That appeared in print in the early 1930s in a famous debate between Columbia Professor Adolf Berle and Harvard Law School Professor Merrick Dodd. Berle argued that managers are what he called shareholders’ advocates. Dodd took the position that, no, managers are fiduciaries, and they are trustees of the corporate body, and they are responsible for many constituencies. We didn’t have the name of the participants back (laughs) then, of course. He called them constituencies, customers, employees, shareholders, of course, and the general public.
, where he said, the argument was settled in Professor Dodd’s favor. That is, managers were institutional trustees with many responsibilities. But an interesting caveat, he says the debate is settled, “for now.” And it wasn’t long before that debate was reopened.
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ADI IGNATIUS: It’s really interesting. So, Mihir, you know, as business grows when stock ownership spreads widely among individuals and corporations, you know, what happens to the concept of ownership of shares and the understanding of what power and authority it gives to shareholders?
MIHIR DESAI: Well, I think just as Carola and Lynn point out, you know, that distributed ownership has these great benefits. Make a scale, as Carola suggested. It also allows for a lot of risk sharing, because you no longer own your firm and are under pressure from the firm, you have multiple stakes. But the main issue is the one identified by Carola, which is the separation of ownership and control. And it is indeed a serious problem, and it deserves to be emphasized here.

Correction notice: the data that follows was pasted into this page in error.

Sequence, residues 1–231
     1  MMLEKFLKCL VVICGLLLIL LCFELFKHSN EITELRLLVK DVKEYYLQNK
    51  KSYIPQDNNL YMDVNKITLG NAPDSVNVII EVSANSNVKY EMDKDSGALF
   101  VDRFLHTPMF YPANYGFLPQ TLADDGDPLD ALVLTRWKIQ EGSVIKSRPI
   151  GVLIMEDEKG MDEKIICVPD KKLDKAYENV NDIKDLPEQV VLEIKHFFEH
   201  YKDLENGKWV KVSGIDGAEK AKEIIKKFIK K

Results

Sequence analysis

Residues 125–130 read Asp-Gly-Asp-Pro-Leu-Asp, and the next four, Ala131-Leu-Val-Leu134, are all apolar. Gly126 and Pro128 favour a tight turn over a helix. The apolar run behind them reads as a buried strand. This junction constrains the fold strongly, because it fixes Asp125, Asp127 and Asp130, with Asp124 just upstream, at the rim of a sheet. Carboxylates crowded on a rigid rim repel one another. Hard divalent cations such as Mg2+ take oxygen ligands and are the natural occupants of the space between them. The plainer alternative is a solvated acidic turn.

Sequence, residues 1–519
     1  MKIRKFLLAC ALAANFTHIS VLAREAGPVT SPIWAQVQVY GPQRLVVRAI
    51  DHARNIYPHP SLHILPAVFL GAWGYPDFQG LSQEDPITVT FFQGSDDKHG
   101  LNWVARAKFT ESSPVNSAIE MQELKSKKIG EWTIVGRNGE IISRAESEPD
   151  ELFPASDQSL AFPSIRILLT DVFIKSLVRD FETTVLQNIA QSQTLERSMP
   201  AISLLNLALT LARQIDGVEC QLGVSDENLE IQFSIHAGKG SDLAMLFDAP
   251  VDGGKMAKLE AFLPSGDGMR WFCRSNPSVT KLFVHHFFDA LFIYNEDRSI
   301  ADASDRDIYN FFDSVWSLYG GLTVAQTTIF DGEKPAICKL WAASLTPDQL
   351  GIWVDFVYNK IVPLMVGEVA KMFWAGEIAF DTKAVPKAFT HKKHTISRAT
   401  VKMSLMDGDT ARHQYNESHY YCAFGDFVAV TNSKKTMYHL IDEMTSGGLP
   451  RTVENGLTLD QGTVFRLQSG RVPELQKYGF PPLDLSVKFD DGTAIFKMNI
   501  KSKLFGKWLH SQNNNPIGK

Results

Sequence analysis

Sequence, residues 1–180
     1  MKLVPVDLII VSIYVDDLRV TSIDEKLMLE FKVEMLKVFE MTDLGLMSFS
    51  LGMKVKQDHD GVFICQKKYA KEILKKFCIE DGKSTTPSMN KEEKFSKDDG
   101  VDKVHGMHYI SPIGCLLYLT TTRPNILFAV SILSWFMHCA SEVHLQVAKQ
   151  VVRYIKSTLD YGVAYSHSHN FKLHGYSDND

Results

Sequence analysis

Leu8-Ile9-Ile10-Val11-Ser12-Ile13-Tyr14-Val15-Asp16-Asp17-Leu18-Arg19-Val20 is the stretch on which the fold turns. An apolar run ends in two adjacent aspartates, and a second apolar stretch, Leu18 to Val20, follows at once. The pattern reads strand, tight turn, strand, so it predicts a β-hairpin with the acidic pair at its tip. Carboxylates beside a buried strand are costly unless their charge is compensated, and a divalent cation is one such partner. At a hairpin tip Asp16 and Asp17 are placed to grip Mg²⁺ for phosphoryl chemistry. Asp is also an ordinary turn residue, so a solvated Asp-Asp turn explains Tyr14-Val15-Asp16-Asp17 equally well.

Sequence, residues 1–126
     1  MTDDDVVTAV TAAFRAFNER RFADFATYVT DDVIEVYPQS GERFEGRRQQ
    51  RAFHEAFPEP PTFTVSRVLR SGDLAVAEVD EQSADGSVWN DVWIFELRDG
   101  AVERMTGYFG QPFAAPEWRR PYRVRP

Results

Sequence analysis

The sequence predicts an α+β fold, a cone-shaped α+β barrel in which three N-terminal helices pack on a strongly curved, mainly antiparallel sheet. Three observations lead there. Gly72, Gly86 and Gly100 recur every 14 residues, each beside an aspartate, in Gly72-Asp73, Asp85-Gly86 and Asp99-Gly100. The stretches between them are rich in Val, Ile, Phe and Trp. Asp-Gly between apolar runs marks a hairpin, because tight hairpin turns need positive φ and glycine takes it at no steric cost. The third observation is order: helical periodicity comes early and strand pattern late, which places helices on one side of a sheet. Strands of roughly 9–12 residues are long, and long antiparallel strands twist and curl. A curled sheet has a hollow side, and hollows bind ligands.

That is, the debate is now about the extent to which the problem should be resolved. And by the collective action problem, I mean, “Well, now we have separate owners. Who’s going to look at the management?” And that’s the beginning of it all, there is, what we would call the problem of corporate governance today. That is, how do I make sure that the people I’ve appointed to do the job will do the job correctly?
And that kind of really shows up, especially in the ’50s and ’60s, you know, as Lynn suggested, maybe it settled down, for some. The nature of economic activity began to change and we saw the rise of conglomerates. One of the responses to the separation of ownership and control and the decentralization of ownership is, to some extent, an increase in administrative power.
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And that is evident in these large institutions, which are truly remarkable by today’s standards. You know, we have forgotten about them, but things like ITT, and the Gulf and the West, which used the distribution of ownership to create small empires. ITT would like to start with a telecommunications base, but then branch out into Wonder Bread, and rental cars, and hotels. It’s all because the bottom line is that these managers knew what they were doing, and they were able to control the general capital of their shareholders, and their shareholders were spread out enough, that they really couldn’t stop them. So, that sets the stage for the response of people who are worried that shareholders are not being served.
ADI IGNATIUS: Well, I want to get to that answer in a second. But Carola, if I could take you back. You know, there is this sense, this idea, maybe, the idea that companies exist, [that] they were more successful than they would be later. Companies used to be company towns, and people think about stakeholders, too, as Lynn said without actually using that.